My favorite part of this CD is the Prelude and Waldemar’s first song (“Nun dämpft die Dämm’rung). Schoenberg’s model for the Prelude is the beginning of Das Rheingold, except that Schoenberg is depicting a sunset – not the morning, as Wagner does (Cherlin 2007). Like the Prelude of Rheingold, Schoenberg’s opening layers multiple rhythmic figures over a static harmony. As a result, the music suggests flickering light, the imagery of which is further enhanced by the scoring (piccolo, flute, strings, harp) and the syncopation. Stenz’s sensitivity to color is also apparent in Waldemar’s first song, effectively balancing the heroic tenor voice of Brandon Jovanovich. Jovanovich and Barbara Haveman, whose voices are ideally paired on this recording, are both traditional Wagner singers – they have large voices that can be heard over the orchestra and carry well in the opera house – which highlights the Wagnerian nature of Schoenberg’s early vocal writing. Jovanovich and Haveman are the perfect choice for Gurre-Lieder, for it wasn’t until Pierrot lunaire (1912) that Schoenberg really began experimenting with a new vocal style.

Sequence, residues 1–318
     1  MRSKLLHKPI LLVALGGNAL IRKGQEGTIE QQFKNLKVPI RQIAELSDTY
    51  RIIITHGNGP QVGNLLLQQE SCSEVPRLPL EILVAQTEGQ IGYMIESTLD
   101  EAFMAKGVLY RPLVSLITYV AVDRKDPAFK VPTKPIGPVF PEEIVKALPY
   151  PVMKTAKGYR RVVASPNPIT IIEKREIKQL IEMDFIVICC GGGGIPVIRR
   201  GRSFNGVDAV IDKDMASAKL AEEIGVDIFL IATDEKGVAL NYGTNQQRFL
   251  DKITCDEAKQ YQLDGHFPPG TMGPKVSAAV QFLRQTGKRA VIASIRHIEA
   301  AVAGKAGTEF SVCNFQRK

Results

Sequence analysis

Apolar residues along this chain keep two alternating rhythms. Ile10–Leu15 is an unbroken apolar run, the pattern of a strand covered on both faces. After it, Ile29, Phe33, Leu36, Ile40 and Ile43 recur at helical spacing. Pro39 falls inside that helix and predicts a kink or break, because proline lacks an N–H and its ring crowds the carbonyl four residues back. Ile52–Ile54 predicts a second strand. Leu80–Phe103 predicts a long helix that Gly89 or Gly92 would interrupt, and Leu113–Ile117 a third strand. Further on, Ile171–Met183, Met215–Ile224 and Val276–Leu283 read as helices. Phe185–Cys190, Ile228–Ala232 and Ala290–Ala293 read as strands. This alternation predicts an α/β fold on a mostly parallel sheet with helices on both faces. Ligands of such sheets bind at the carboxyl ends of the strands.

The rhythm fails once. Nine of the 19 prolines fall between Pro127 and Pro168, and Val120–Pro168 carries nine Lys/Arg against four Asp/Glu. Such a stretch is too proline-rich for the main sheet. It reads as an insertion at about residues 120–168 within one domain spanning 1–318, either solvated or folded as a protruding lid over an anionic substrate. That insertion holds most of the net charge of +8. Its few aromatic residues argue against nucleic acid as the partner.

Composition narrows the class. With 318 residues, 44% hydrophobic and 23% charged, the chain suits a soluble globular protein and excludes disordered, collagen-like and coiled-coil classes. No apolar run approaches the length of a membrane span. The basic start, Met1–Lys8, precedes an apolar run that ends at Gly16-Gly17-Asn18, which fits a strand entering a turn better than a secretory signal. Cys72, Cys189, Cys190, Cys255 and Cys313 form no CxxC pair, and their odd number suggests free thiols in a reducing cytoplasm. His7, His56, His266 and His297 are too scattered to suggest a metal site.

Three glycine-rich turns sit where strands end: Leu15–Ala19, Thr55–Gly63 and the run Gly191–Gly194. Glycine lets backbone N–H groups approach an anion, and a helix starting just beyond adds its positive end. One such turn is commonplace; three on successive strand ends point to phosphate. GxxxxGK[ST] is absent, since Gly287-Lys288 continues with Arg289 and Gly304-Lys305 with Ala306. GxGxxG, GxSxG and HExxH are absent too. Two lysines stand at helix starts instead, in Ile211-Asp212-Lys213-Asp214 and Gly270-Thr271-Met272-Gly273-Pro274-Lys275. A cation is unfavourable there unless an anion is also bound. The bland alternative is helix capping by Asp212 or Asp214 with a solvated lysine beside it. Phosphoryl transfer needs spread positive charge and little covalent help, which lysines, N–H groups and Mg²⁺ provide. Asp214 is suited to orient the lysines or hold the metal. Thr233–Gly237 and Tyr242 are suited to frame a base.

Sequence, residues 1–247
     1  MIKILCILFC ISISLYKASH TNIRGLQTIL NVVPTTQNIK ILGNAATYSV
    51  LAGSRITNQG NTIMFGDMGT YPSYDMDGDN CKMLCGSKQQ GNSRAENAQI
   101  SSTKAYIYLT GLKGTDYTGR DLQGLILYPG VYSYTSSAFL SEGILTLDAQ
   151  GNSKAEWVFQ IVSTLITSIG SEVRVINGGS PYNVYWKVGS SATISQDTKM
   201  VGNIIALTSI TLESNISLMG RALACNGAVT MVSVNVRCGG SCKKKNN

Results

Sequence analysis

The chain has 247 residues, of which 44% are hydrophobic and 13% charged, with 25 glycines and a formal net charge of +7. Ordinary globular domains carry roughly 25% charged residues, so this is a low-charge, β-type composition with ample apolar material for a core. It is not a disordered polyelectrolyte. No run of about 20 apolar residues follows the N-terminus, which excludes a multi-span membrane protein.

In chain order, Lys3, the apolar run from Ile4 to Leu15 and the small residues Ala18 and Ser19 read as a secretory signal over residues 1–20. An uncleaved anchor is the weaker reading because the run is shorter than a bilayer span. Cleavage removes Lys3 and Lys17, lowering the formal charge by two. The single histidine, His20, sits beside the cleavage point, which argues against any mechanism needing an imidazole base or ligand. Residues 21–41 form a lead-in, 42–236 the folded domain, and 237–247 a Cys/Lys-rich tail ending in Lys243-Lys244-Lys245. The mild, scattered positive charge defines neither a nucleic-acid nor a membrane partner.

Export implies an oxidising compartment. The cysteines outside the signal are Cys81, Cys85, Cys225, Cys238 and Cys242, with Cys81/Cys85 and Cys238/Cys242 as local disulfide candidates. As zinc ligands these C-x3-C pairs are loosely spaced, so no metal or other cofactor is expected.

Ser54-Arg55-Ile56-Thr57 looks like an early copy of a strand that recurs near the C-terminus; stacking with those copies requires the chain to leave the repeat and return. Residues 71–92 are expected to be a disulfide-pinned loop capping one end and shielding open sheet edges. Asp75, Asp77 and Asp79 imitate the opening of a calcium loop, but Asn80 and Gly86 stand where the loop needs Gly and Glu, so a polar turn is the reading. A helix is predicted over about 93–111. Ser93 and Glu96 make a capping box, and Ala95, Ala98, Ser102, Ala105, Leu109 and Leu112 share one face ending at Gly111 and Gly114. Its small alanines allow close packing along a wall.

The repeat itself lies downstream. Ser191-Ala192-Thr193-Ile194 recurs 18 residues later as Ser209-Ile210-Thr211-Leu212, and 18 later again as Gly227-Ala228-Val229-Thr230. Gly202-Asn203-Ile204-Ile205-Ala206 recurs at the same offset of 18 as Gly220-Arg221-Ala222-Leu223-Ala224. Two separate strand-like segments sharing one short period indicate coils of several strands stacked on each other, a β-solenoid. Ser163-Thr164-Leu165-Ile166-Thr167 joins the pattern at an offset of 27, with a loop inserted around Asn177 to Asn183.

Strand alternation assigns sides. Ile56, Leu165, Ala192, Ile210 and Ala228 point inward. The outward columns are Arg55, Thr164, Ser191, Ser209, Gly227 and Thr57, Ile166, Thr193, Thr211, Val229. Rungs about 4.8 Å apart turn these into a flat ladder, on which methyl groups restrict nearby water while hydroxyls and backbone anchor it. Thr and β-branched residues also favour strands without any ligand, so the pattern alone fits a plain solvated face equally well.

In conclusion, Schoenberg’s Gurre-Lieder has both progressive and traditional aspects, and this recording brings out both sides. In addition to the vocal writing, Schoenberg adopts Wagner’s idea of “endless melody,” creating continuity and larger trajectories by deferring strong cadences and avoiding regular phrasing. Schoenberg also makes use of leitmotivs (recurring motives associated with a person, place, or thing) but not in the structural way that we find in Wagner’s later works. What really makes Gurre-Lieder forward-looking is its orchestration, especially in Part III. Here we find techniques that Schoenberg had developed in the Five Pieces for Orchestra, op. 16 (1909): frequent, abrupt changes of instrumentation, extended techniques, and the solo treatment of instruments in the context of a large orchestra. Ultimately, it is the forward-looking aspects of Gurre-Lieder that are highlighted in this CD through the supreme artistry of Markus Stenz and the Gürzenich Orchestra. I highly recommend this recording.

Further Reading

Campbell, Brian G. “Gurrelieder and the Fall of the Gods: Schoenberg’s Struggle with the Legacy of Wagner.” In Schoenberg and Words: The Modernist Years, edited by Charlotte M. Cross and Russell A. Berman, 31-64. New York: Garland Publishing, 2000. [Link to book]

Cherlin, Michael. “A Passing of Worlds: Gurrelieder as Schoenberg’s Reluctant Farewell to the Nineteenth Century.” In Schoenberg’s Musical Imagination, 20-43. Cambridge: Cambridge University Press, 2007. [Link to book]